Although CNBC has a reporter in Frankfurt, Sullivan says that CNBC will continue to see London as its European hub post-Brexit. “This has been our home for 25 years and I expect it will be for many more, it’s an important part of the financial footprint globally.”
CNBC will be 30 years old next year. Having started as a US cable news channel it is now very much a multi-platform operation, with 300 million accessing its content worldwide each month.
It recently built on its presence on Sirius radio in America to move into podcasting and Amazon Alexa’s voice-activated news. “That has been a way for us to go deeper on certain topics,” says Sullivan, who has worked for CNBC for nine years.
While many news operations have felt thwarted by changes to Facebook’s algorithms that have reduced the visibility of news content, CNBC says it has grown on the platform (where it has a following of 3 million, similar to that of rival business specialist Bloomberg) through its use of video. This is partly due to the popularity of its ‘Make It’ series on entrepreneurialism, which targets a broader “aspirational” audience than that which watches the TV channel.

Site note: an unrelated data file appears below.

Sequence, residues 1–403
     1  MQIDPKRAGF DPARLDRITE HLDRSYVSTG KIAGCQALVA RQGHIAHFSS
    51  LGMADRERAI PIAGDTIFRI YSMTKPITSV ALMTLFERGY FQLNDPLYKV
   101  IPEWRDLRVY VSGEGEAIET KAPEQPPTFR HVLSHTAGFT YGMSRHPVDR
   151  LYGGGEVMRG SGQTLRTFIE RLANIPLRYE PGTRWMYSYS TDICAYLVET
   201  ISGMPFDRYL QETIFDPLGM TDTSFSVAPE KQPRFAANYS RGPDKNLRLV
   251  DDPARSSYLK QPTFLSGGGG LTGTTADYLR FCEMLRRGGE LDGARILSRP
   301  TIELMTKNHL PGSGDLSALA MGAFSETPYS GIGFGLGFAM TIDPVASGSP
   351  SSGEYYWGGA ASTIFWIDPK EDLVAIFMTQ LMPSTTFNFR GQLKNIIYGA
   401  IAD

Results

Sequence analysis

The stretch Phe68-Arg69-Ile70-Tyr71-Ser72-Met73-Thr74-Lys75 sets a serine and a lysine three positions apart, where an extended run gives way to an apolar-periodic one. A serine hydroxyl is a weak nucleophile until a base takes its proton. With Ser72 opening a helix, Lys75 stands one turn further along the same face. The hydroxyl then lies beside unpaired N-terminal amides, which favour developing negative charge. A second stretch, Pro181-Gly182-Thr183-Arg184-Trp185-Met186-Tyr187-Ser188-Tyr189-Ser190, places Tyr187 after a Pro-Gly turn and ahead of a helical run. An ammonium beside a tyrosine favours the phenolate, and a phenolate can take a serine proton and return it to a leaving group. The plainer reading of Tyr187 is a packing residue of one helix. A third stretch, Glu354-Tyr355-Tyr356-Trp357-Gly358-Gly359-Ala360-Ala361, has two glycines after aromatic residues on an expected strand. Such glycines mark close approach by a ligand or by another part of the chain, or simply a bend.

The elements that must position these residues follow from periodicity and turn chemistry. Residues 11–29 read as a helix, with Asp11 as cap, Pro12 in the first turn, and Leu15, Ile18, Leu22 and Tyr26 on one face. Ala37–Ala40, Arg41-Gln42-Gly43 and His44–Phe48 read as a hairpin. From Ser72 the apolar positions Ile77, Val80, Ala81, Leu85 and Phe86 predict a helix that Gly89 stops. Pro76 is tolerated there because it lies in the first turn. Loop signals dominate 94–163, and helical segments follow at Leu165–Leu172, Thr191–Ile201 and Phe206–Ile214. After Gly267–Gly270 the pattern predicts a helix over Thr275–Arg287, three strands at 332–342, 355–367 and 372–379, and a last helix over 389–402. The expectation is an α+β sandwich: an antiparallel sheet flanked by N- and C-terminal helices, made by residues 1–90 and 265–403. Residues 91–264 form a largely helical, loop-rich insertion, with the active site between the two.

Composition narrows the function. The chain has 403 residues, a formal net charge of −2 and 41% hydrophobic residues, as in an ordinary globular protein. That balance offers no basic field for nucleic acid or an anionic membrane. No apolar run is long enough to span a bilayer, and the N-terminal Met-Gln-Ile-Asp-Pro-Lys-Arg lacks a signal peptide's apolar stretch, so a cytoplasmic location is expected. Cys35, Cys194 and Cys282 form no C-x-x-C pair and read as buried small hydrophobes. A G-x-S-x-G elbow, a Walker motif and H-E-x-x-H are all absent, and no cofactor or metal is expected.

These are often younger people who have yet to make it to the C-suite roles but have the ambition to do so. The strategy to grow the audience by reaching up and coming business leaders also informs CNBC’s advance into local language services such as in Japan (where it partners with FT-owner Nikkei) and Korea (where it partners with SBS). “Going into markets with local language partners allows us to reach that aspirational audience…the people who are trying to become those world leaders, business leaders,” says Sullivan, an American who splits his work time between London and Singapore.